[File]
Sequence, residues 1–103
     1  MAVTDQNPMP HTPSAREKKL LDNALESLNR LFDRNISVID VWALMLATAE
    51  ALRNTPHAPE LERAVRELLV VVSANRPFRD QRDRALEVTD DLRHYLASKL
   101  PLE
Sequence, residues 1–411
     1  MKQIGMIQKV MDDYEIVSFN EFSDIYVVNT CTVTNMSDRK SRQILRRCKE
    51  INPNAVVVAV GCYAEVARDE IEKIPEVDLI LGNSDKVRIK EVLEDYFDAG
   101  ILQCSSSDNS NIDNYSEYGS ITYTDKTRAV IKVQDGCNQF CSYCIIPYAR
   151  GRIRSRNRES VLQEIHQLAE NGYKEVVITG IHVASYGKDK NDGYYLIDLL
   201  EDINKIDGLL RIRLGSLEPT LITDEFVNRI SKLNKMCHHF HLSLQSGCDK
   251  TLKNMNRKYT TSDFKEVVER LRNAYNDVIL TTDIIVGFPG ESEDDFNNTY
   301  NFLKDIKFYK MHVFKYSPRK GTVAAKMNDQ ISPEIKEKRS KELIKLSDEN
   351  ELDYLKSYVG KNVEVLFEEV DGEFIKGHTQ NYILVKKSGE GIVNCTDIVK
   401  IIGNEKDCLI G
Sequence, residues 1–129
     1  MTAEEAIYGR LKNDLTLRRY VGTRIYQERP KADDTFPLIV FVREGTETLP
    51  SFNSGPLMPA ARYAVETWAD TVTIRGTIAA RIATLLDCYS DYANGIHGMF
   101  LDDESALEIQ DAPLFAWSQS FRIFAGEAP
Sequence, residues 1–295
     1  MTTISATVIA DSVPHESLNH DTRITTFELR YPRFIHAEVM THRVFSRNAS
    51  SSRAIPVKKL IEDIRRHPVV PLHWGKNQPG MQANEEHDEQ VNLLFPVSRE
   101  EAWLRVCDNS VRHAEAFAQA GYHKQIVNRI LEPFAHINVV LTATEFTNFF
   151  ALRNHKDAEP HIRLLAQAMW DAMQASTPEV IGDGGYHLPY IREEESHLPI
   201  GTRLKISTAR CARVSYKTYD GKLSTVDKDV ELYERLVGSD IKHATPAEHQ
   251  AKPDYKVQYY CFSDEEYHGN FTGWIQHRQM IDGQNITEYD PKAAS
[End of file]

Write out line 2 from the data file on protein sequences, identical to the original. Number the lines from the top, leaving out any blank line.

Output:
     1  MAVTDQNPMP HTPSAREKKL LDNALESLNR LFDRNISVID VWALMLATAE